Philipp Lahm has never seemed like the kind of player to let occasion get the better of him, yet when Bayern Munich faced FC Nurnberg in last weekend's Bavarian derby, something was slightly different about the player. He scored a goal. Yet it wasn't just the rare sight of Lahm scoring that made the headlines, for it was none other than the 250th Bundesliga game for the Bayern right-back.
Yes, like the Bayerischer Wald, the hilly woodland along the German border with the Czech Republic, Lahm seems to have confirmed himself as an evergreen feature of the city of Munich. He may only be 30 years old, yet the player is nothing if not synonymous with the Bavarian town and its famous football club.
Yet the German international who captains both club and country hasn't always been a Ballon d'Or candidate or regular member of FIFA and UEFA's teams of the year. He was once nothing more than a boy and from there he has evolved in to the right-back that we can now call among the best in the world.
Captain to be
Lahm began life at Bayern as much as we would expect, in full control, and went on to win multiple awards and titles with the youth team. It was his youth coach, Hermann Gerland, who now assists Pep Guardiola in first-team matters, who once famously stated that the young player was the most talented he had ever coached, even at such a young age, as reported here by Sueddeutsche (German).
Yet it was upon moving on loan to Stuttgart as a backup full-back that Lahm earned his wings as a truly ambidextrous performer, when coach at the time Felix Magath opted to start him on the left-hand side, a position initially alien to the then 20-year-old, yet one that he eventually learned to thrive in.
As such it was this jack-of-all-trades reputation that saw Lahm welcomed back in to the Bayern squad but not before a call-up to the German national team for Euro 2004, where the young captain-to-be played in his new favoured position: left-back.
Germany bombed out of the competition that year, but the young Bavarian full-back found himself as something of a silver lining to the storm that had just passed over the nation's favourite past-time. Germany now knew who it could rely on for its future.
Unfortunately, left-back was Lahm's future for Bayern and Germany for the time being, as the full-back went through the World Cup in 2006 and Euros in 2008 playing near enough every game for his nation. Then came the World Cup in 2010 and Michael Ballack's withdrawal from the captaincy. Lahm was now captain in the first competition for his country in which he was able to play on his natural right side. That year Germany went all the way to the semi-finals, losing only to a late goal from Spain's Carlos Puyol.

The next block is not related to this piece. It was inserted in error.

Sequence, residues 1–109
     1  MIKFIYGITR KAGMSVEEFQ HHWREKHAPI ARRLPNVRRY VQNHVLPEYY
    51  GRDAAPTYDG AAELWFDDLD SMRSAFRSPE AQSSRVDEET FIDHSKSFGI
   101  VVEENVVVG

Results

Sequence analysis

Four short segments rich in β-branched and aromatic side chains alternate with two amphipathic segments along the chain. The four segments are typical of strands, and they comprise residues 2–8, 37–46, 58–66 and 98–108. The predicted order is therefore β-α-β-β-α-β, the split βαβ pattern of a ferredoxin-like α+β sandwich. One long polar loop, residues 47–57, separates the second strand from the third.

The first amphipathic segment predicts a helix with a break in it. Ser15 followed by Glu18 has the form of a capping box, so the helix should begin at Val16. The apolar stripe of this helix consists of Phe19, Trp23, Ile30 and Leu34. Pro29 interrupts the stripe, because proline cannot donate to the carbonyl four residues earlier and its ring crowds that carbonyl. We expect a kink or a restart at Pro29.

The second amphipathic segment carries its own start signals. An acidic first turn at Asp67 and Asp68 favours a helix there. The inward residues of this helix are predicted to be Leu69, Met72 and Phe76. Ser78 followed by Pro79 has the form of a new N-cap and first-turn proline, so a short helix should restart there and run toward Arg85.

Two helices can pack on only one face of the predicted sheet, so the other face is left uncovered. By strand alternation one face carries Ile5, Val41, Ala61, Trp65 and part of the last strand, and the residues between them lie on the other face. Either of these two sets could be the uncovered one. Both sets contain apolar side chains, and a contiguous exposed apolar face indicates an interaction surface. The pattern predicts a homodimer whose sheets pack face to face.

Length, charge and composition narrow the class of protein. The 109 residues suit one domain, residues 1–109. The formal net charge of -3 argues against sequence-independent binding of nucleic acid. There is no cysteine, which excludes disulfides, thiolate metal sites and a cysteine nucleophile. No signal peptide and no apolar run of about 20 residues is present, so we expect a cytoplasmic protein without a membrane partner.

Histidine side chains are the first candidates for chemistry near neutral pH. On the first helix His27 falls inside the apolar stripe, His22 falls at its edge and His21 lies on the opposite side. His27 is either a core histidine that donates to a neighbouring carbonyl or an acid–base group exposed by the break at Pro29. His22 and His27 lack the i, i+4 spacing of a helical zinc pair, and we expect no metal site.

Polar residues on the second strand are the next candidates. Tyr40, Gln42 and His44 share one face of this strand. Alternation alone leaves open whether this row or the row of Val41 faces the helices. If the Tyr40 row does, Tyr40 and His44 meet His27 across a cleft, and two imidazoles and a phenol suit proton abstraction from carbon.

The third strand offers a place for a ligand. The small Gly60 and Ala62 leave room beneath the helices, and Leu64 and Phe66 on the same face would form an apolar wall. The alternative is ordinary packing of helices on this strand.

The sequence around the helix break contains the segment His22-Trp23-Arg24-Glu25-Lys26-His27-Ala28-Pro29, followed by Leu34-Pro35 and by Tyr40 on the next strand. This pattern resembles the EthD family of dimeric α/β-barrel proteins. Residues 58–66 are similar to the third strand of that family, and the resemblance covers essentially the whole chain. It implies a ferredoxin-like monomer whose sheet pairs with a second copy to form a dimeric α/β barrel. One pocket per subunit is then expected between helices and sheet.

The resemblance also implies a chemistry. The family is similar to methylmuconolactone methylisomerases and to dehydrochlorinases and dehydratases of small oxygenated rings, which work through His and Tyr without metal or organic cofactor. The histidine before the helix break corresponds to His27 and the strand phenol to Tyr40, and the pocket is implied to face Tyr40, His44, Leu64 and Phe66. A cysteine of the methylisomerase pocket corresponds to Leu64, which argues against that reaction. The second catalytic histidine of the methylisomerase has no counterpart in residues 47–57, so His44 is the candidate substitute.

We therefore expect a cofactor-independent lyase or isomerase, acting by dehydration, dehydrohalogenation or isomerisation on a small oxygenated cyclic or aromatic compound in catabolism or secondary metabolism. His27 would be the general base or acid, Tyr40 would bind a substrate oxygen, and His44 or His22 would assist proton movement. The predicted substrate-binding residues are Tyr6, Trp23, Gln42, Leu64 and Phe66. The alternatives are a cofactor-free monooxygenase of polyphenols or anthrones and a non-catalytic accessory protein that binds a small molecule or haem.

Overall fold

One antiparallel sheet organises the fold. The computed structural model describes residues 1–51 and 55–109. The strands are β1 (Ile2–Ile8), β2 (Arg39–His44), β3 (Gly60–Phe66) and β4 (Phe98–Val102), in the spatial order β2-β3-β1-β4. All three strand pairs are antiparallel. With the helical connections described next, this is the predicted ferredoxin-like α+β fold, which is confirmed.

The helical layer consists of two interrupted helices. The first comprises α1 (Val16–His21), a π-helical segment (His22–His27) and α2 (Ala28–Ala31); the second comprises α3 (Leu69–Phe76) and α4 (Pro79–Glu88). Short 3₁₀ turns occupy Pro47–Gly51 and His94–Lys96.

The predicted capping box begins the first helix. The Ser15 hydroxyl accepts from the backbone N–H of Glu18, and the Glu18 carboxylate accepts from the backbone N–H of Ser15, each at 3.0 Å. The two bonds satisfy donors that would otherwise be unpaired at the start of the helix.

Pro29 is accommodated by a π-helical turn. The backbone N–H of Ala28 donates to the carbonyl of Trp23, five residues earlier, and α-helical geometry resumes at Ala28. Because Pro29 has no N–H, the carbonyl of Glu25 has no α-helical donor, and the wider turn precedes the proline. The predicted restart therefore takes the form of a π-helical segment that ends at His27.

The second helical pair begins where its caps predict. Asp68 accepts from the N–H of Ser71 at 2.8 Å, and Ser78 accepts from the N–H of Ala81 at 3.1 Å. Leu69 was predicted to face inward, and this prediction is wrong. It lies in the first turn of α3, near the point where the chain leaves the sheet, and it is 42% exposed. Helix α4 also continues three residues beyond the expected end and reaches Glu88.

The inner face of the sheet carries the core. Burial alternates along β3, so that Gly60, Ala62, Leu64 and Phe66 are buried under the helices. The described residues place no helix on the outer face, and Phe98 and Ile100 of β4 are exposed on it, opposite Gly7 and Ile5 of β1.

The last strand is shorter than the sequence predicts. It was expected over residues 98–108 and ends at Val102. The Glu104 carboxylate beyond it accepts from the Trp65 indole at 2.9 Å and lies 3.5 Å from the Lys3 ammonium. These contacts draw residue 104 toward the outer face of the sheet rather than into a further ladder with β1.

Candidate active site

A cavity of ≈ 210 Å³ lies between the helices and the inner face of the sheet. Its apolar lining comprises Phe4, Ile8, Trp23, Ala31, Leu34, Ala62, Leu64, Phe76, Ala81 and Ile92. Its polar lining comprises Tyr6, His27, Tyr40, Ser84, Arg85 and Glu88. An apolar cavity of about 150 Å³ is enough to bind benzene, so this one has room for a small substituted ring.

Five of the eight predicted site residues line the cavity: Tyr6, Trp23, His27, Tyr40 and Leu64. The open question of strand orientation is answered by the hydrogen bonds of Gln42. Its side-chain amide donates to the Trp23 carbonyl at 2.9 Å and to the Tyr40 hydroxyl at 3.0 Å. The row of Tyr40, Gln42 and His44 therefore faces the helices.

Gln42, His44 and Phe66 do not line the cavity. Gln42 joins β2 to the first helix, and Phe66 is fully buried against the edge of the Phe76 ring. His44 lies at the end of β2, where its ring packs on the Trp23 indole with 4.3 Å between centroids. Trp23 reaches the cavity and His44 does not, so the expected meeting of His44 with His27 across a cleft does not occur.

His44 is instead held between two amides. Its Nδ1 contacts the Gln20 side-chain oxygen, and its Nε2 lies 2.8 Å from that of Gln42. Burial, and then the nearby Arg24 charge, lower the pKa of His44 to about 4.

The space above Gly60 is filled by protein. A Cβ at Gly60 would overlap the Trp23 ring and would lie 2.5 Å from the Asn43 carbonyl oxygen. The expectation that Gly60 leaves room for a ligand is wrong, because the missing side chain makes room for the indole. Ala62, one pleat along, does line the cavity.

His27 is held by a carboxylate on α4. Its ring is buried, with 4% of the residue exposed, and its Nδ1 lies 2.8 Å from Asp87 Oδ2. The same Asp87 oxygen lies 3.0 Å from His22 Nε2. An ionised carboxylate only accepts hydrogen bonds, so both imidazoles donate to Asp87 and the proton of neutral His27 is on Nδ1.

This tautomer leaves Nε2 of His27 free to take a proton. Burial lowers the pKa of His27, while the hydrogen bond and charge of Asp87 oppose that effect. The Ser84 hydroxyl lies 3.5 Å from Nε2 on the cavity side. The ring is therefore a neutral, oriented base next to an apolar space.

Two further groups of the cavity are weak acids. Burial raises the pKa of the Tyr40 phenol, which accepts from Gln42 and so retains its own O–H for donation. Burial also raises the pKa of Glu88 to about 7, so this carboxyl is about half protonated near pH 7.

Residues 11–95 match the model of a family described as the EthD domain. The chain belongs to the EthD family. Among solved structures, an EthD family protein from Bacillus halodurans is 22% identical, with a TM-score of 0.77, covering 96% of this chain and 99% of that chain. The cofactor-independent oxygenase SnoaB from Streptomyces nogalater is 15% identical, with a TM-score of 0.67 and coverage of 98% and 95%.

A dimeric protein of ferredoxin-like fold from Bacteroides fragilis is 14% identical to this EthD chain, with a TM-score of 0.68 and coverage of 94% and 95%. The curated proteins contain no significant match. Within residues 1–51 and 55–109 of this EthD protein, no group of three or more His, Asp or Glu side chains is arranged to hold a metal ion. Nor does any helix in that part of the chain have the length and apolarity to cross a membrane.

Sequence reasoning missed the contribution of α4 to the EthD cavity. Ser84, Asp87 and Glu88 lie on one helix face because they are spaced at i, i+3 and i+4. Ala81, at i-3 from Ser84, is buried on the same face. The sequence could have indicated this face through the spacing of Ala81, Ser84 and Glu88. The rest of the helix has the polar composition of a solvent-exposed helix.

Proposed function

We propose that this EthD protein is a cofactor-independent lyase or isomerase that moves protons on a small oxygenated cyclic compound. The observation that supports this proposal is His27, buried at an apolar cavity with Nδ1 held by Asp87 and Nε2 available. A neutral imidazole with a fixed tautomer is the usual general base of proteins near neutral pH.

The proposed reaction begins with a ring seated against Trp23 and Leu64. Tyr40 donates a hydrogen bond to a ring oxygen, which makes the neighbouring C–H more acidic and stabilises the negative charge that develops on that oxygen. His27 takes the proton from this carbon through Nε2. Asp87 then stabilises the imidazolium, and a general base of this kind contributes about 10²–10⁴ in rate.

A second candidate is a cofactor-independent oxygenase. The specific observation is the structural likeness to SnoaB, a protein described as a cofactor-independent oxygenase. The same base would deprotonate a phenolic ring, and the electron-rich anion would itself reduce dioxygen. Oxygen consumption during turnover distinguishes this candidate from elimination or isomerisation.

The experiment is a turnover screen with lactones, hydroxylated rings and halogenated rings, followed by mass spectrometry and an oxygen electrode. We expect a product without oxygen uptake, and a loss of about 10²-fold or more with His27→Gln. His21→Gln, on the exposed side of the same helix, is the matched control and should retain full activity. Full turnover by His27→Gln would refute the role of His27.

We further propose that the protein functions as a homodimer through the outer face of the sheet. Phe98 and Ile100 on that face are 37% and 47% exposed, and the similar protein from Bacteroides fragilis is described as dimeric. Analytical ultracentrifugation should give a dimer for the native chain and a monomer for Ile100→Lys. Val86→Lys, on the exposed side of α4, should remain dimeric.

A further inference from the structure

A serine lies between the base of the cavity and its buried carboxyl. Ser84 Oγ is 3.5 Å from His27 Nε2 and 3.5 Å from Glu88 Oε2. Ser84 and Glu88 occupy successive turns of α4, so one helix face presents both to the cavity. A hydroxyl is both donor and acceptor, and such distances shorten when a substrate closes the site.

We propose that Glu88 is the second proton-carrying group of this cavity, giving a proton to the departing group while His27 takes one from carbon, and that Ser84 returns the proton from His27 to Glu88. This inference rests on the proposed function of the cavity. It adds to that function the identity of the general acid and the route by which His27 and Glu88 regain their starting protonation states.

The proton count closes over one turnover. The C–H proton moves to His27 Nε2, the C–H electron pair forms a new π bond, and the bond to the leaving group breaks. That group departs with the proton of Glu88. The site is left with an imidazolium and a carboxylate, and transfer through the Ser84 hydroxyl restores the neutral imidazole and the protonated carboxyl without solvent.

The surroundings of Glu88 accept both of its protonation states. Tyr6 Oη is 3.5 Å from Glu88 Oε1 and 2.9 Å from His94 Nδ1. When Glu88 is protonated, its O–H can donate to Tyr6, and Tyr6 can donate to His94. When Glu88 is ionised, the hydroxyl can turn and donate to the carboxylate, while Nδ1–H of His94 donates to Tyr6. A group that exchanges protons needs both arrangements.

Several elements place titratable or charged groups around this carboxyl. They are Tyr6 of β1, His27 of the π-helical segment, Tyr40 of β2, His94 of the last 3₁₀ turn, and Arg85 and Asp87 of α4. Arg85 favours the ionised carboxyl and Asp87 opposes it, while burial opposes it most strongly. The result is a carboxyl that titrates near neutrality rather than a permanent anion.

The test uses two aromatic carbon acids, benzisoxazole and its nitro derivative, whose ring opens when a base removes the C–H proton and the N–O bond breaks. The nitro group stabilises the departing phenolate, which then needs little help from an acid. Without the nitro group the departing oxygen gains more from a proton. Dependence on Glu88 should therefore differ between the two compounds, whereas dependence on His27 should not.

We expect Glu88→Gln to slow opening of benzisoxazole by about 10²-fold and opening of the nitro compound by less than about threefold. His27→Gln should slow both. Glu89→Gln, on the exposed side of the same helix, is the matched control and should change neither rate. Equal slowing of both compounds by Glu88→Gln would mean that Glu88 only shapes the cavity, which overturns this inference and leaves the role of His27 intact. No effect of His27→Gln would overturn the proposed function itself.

Lahm was of course a well-established right-back long before coach Jupp Heynckes took over the reigns at the Munich side in the summer of 2011, yet it wasn't until the new coach was able to utilise the young full-back to his utmost potential that we finally saw just how useful he could truly be in an attacking sense.
Bayern underwent something of a face-lift under the Gladbach legend and became, primarily, a counter-attacking side that put most of the emphasis on ensuring goals weren't leaked, while the front-line hit sides across Europe with tremendous ferocity.
In Heynckes' Bayern side, Lahm played his usual right-back role in a back-line that broke all sorts of defensive records across Germany, yet what he did on and off the ball was a completely different story. The German captain had often been regarded as a strong, confident defender but what we were seeing from Lahm by the time the 2012-13 season rolled around was a player who could single-handedly turn defence from attack all by himself.
As we can see from the graphic above, which shows Lahm's goalscoring and assist-making records over the past seven years, it's clear to see from when Heynckes arrived at the club in 2011 that his notion of creating goals for the side went through the roof. Under the old German coach, Lahm went from a one-dimensional, world-class defender to a multi-purpose full-back that could confidently create goals just as well as he prevented them.
New direction under Guardiola
Yet under new coach Guardiola, the German captain now looks as though he's destined for an entirely new chapter to his career with a refurbished role as Bayern's new defensive midfielder in the Catalonian's hybrid 4-1-4-1 formation.
Yet this role isn't a simple case of lumping an accomplished full-back into a defensive position in midfield—that much has been done a number of times, across the continent and throughout the ages—no, the role that Lahm now plays for Bayern is one that takes full advantage of his reading of the game.
If we were to take a look at the players positioning throughout a game, as provided by Squawka in this heat map of the recent 5-0 victory over Eintracht Frankfurt, we see that his positioning isn't actually too different from what he was doing at right back—with the majority of his time spent just right of central midfield and any darting runs forward primarily focused down the right wing.
What Lahm offers the side from this role isn't too distinct from his usual role as a right-back for Bayern. His primary goal is to link up with the forward players and essentially try and score goals, yet from the central position he can effectively control the flow of passing from midfield—like he did at right-back—from a predominant position as well as protect the vulnerable gap that is usually left unguarded in front of his two centre-backs.
What Lahm now represents is an intelligent passer of the ball who can also defend in the middle of the park, unlike even the most accomplished full-backs. Imagine a player with the passing ability of Xavi and the defensive qualities of Sergio Ramos and you're on your way to understanding what Guardiola undoubtedly sees in this complete player.
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